Coach's Wisdom Falls on Open Ears





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The forty-something stood among a group of Generation Xers, addressing them in a quiet tone as the sun set on Memorial Stadium. He paused, and the entire group broke into laughter.

Not a nervous, when's-the-old-dude-gonna-shut-up titter. These guys were expressing genuine amusement at something a man 20 years their senior had just said.

Meet Ken Margerum. Former All-American, Cal wide receivers coach and comedian.

"Football's a people business," Margerum said. "If you can't get along with your fellow man, you shouldn't be coaching or teaching. You got to be able to have a couple laughs along the way. You've got to keep it light at certain times to break the monotony and the tension."

Margerum exudes enthusiasm like Mike Ditka without the attitude. He doesn't get in his players' faces. He talks to them. He doesn't yell. He reasons.

He doesn't coach. He teaches.

"Teaching and coaching is the same word," Margerum said. "It happens to be a sport instead of in the classroom.

"It's not the end of the world if you line up wrong the first day. As long as they improve each day and they don't keep making the same mistakes day after day, I feel like we're going forward."

Margerum is easygoing enough to earn the respect - not to mention amusement - of his youthful charges, and he's knowledgeable enough to deserve it.

"He knows more about the position than anybody I've ever met," junior college transfer Chad Heydorff said.

Margerum's tolerance will be tested this spring and next fall. If last year's performance is anything to go by, coaching the wideouts will take all the knowledge and skill he's gained in his 20 years in the sport.

Last year's receiving corps dubbed itself the "Bomb Squad," and it lived up to its name.

Cal's receivers bombed the Bears right out of a bowl berth.

They were the single greatest weakness on a feeble offense, one that managed 250.8 yards per game and 151.1 through the air. Offensive coordinator Steve Hagen's scheme called for putting as many as five receivers on the field at a time, and Cal was lucky if a fifth of them could catch a pass.

Four months after a season in which the wideouts had trouble catching anything this side of a virus, there is some mixed news.

The bad news is that the Bears are missing their top two pass-catchers from last season.

The good news is that the Bears are missing their top two pass-catchers from last season.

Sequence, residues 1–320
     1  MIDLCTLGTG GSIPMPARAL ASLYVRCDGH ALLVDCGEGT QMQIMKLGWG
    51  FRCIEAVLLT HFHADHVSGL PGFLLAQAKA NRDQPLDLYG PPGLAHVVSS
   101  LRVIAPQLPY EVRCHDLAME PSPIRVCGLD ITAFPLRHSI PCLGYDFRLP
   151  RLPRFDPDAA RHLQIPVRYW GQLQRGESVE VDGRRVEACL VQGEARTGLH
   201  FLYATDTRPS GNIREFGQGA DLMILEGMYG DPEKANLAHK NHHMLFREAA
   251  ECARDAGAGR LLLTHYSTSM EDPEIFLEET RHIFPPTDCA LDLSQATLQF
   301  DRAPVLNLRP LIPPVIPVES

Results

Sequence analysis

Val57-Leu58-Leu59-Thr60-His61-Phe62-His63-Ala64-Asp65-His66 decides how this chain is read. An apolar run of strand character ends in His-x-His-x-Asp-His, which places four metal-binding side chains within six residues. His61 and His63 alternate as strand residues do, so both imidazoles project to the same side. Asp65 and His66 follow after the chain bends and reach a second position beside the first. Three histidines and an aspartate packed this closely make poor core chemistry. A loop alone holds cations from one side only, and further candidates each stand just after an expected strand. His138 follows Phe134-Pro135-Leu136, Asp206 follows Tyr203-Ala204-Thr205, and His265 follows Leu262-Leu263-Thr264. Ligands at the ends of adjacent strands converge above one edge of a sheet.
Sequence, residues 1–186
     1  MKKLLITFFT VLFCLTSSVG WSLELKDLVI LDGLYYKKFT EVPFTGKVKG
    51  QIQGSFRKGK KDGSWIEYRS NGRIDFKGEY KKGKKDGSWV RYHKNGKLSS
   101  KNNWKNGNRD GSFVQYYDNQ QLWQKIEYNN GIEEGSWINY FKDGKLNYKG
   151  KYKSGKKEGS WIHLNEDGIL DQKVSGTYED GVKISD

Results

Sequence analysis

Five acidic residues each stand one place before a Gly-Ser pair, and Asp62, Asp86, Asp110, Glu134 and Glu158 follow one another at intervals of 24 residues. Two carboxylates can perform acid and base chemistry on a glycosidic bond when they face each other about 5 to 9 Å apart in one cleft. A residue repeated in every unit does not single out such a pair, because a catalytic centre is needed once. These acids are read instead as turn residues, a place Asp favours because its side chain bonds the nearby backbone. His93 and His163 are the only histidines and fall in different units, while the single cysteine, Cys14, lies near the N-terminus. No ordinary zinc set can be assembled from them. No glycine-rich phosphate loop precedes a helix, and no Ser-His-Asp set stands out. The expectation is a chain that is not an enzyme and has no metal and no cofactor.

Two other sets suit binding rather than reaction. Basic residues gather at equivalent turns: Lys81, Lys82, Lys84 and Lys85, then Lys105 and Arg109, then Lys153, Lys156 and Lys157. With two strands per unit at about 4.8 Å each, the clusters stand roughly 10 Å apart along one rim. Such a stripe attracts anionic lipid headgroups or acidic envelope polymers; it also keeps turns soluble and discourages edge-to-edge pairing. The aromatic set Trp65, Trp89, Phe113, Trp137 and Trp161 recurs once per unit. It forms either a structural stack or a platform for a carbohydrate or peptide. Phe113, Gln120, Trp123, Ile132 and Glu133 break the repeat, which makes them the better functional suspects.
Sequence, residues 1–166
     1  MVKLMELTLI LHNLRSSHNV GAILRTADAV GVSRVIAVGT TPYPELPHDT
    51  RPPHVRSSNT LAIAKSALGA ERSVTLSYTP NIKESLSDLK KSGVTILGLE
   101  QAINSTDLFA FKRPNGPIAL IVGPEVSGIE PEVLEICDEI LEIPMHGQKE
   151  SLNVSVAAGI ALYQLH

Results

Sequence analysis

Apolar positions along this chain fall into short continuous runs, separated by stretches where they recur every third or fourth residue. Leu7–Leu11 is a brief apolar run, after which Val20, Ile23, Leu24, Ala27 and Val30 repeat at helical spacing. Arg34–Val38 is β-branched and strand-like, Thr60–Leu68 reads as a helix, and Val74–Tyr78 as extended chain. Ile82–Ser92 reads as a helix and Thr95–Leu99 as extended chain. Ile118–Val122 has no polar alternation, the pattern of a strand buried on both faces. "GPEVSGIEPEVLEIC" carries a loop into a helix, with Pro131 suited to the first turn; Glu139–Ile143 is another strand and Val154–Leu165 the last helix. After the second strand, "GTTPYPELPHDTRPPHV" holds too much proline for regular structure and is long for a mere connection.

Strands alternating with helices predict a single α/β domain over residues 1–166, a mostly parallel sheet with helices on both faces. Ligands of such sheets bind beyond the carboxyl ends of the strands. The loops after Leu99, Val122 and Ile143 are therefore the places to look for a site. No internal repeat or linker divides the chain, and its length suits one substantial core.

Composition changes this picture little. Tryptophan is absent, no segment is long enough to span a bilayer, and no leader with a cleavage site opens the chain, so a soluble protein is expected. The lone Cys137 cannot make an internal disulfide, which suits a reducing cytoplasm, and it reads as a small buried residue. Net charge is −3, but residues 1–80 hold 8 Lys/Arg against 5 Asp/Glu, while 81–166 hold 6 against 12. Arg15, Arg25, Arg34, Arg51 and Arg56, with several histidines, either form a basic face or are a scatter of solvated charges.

Wideouts Mike Ainsworth and Ronnie Davenport failed out of school last semester, and the team has a chance to start over. Cal head coach Tom Holmoe has brought in a slew of new faces to replace them - Charon Arnold and Derek Swafford join Heydorff as transfers.

And one to coach them.

"They're all having their good days, and some of them drop off and then another guy picks it up," Margerum said. "We've got an efficient, blue-collar group. We're not going to be flashy. We're going to consistent and efficient. That's all I want them to be."

Given the new crop of receivers, that's a realistic goal. There are no Peter Warricks in this group, and probably no Ainsworths. The incoming group is slightly undersized, and has to prove next fall that it can compete at the Pac-10 level.

But the receivers want to learn, and Margerum won't tolerate any resistance to his teaching. He doesn't like to get in his charges' faces, but he has other methods of motivation.

In his trademark laid-back way, he said that receivers who don't cut it will be "checking things out" by the water cooler while those who do develop contribute on the field.

But the best thing about Margerum is that he's ecstatic to be where he is.

The former Chicago Bear and All-America receiver at Stanford couldn't be happier to coach at a Pac-10 school and impart the knowledge he's gained.

"It's a privilege to be coaching at Cal and be a part of the Pac-10 Conference and being here in this beautiful setting," Margerum said as he looked across Memorial on a recent tranquil evening. "I just can't think of anything more beautiful right now."

So whatever challenges he faces next fall when the stadium is not so empty and the air not so pleasant and the onlookers not so quiet, Margerum is happy to be where he is right now.

And judging by the way they act around their forty-something coach, his receivers are too.

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